The ‘Magic of Reality’ made several ‘Best Science Books of the Year’ lists in 2011 and tackles some of the subjects that Dawkins has spent a lifetime writing about. This time, however, he has a much younger audience in mind. Prefacing each chapter with a question, he presents scientific answers to questions like ‘Who was the first person?’ and ‘What is a rainbow?’ and even ‘Why do bad things happen?’ In a surprisingly beautiful pairing, he also explores human cultural history, presenting the religious stories and myths that were meant to explain the same phenomenon. (The book itself is simply wonderful to look at thanks to the gorgeous artwork of illustrator Dave Mckean, best known for his work with Neil Gaiman.)
Of course, Dawkins’ intention is to demonstrate that science does a much better job than myth of explaining ‘What is the Sun, really?’ and ‘What is an earthquake?’ and most of the time he does succeed. The Q&A covers topics from the different sciences, and Dawkins takes care to explain how the scientific method – of observation and experimentation – can show us what’s really happening. He doesn’t hesitate to take a few pot shots at religion, though these are tame by his usual standards. Instead he focuses on inspiring the ‘awed wonder that science can give us’ – an emotion he’s previously described as ‘one of the highest experiences of which the human psyche is capable’ and a ‘deep aesthetic passion to rank with the finest that music and poetry can deliver’.”
In fact, Dawkins is at his most appealing when he is writing like this. The opening chapter from ‘Unweaving the Rainbow’ (which he would like read at his own funeral) is another beautiful example: ‘Here is another respect in which we are lucky. The universe is older than 100 million centuries. Within a comparable time the sun will swell to a red giant and engulf the earth. Every century of hundreds of millions has been in its time, or will be when its time comes, ‘the present century.’ The present moves from the past to the future, like a tiny spotlight, inching its way along a gigantic ruler of time. Everything behind the spotlight is in darkness, the darkness of the dead past. Everything ahead of the spotlight is in the darkness of the unknown future. The odds of your century’s being the one in the spotlight are the same as the odds that a penny, tossed down at random, will land on a particular ant crawling somewhere along the road from New York to San Francisco. You are lucky to be alive and so am I.’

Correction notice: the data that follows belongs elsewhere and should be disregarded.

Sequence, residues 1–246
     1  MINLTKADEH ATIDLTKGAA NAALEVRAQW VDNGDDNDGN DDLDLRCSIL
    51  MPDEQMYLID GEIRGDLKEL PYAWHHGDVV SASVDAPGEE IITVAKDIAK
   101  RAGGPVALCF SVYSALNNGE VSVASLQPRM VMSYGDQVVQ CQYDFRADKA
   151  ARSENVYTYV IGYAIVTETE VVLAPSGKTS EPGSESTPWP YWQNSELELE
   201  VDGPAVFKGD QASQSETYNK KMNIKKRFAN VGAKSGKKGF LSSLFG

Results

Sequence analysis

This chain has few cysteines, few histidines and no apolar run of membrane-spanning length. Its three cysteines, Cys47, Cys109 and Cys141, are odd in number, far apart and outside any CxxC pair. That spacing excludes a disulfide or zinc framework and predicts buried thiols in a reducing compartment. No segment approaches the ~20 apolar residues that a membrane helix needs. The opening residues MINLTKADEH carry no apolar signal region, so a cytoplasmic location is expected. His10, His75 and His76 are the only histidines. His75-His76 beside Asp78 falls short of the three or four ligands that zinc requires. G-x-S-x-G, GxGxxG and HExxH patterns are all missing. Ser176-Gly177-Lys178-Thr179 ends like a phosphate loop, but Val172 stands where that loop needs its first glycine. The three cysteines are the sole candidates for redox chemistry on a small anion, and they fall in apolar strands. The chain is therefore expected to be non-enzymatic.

This naturally leads into a conversation about how religions offer comfort on questions of death, grief and the afterlife. “I think that if one considers the fear of death – I suspect that what’s frightening is not the fear of death itself but the prospect of eternity. And eternity, the idea of time going on for millions and billions of years is equally frightening, whether you’re there or you’re not. Actually it’s more frightening if you are there. If you were having your appendix out, you’d want to be under a general anaesthetic, wouldn’t you? If you have to bear the torment of eternity then being under a general anaesthetic is how you would wish to be. Luckily, that’s what’s going to happen to us. So that’s rather a good thought,” he says, going on to quote Mark Twain. “He said, ‘I have been dead for billions and billions of years before I was born, and have not suffered the slightest inconvenience from it.’
But when Dawkins talks of the ‘blind, pitiless indifference of the universe,’ it is still somewhat disquieting. Is it a depressing thought to see the world without the buffer of religion? How do we interpret suffering, find an anchor and hope in such a world? For Dawkins the truth has always been compensation enough. “It doesn’t mean that our lives in blind, pitiless indifference – we live on a beautiful planet, we are surrounded by human love, by wonderful sunsets, and jungles and animals. It shouldn’t be seen as something that needs courage.”
Our conversation has been punctuated by distant bursts of applause, and Dawkins, jet lagged and obviously exhausted, will be much in demand. However, with that last sentence he reveals the key to understanding what drives him. “For me it all stems from the love of truth. Consider Christopher Hitchens. People could say they had seen contradictions in his positions but you could have reconciled them if you realized he hated tyranny – whether it was the tyranny of Hitler, or Stalin or Saddam Hussein or God. He hated tyrants. For me, I hate tyrants too, but my driving force is a love of truth and the belief that there is an objective truth in the world. It is beautiful and elegant and we are in this century very well equipped to understand it. We shouldn’t lose that privilege.”
Published in the Sunday Times, Sri Lanka on 22 January, 2012. Words by Smriti Daniel. Pix by Indika Handuwala.